you so much for advising that whacked-out sexually ignorant
mother to buy her daughter a dildo! As a former sex-worker
(I was a stripper at the fabulous Lusty Lady in San Francisco
as well as a pro-domme in a lovely bay area house of domination),
I understand intimately the ability of parents to turn normal
sexual curiosity into something shameful and embarrassing.
I myself had a similar incident when I was a teenager. My
mother found my stash of porno magazines and the oversized
teddy bear that I used to ride to orgasm. She made me burn
the pornos and took my beloved teddy away. Needless to say,
her tactic did not work. I was a highly curious girl and too
experienced in the art of self-love to turn back. All that
my mother’s reaction ensured was that I would never, under
any circumstances, go to her for sexual guidance, support,
or information. I hope all the Savage Love-readin’-mommies
out there heed your advice and buy their daughters some
goddamn dildos and help make them complete, aware, healthy,
happy sexual beings in touch with themselves and their bodies!
Lovin’ Dyke in San Francisco
rants and death threats account for roughly 30 percent of
the e-mail I receive, and I tend to run an awful lot of angry,
hostile letters in my column. And why not? Letters from people
who disagree with my advice are more interesting and offer
readers a different POV on whatever subject we’re gabbing
about. I do occasionally get nice letters from people who
want to let me know how much they like the column. Most of
the people who send in positive letters express amazement
that so much of my mail is negative. “Doesn’t anyone ever
pay you a compliment?” they ask. Well, yes, lots of people—but
unlike certain insecure advice columnists I could name, I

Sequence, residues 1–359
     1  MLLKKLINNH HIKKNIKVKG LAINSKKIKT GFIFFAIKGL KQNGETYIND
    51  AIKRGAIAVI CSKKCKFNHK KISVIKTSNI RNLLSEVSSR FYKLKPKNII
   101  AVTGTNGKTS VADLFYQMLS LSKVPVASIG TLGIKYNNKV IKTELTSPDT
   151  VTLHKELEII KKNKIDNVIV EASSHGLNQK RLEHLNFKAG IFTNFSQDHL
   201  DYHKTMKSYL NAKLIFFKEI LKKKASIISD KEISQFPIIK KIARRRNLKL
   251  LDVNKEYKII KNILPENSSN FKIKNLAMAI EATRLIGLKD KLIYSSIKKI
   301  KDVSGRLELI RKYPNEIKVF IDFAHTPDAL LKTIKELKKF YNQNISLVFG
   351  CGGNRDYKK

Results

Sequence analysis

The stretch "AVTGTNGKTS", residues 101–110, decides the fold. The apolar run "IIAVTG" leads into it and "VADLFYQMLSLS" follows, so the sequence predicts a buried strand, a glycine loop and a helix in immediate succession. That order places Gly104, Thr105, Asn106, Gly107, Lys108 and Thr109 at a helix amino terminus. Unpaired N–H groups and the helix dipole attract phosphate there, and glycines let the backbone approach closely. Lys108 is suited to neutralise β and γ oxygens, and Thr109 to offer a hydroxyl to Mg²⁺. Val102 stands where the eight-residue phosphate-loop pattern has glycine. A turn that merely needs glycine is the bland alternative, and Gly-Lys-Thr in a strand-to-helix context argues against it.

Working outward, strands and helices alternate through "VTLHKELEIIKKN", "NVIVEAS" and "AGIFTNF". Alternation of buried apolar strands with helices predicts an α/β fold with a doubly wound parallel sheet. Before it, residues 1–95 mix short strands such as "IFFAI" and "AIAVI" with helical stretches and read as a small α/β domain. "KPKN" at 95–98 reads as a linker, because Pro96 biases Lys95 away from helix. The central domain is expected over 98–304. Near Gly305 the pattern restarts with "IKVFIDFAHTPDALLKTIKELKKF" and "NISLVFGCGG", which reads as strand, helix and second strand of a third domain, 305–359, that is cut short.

don’t feel a burning need to clutter up my column with compliments.
But to prove that I do get compliments as well as criticism,
I very occasionally run a column filled with nothing else.
So there’s nothin’ but compliments in this week’s column—specifically,
the compliments that have been rolling in since I told off
Traumatized Over Youngster, the mom who discovered her daughter
masturbating with one of her dildos and promptly lost control
of her bowels. If you’re one of those people who hate me and
hate my column and yet somehow can’t keep yourself from reading
it, well, you might want to skip this week’s column. It’ll
give you fits. I realize that an entire column is a lot of
real estate to devote to one issue, but I think this particular
issue needs emphasis. Moms and dads need to know that their
adolescent daughters can, will and should masturbate. And
. . . while I’m not sure how DLDISF will feel about this .
. . I want to emphasize that giving your daughters dildos,
as I urged TOY to do, will not necessarily turn them into
strippers, pro-dommes, and dykes. (Maybe one or two of those
things, but the trifecta is rare.) In fact, I think DLDISF’s
letter can be read as a cautionary tale . . . if her mother
had given her dildos, and had let her keep her porn and her
teddy, it’s possible that she wouldn’t have grown up to be
a sex worker at all. (Okay, that should take care of next
week’s angry mail.) Now, on to the compliments...
Dildo use is not only safer for a 14-year-old girl than
experimenting with broomstick handles, it can also be much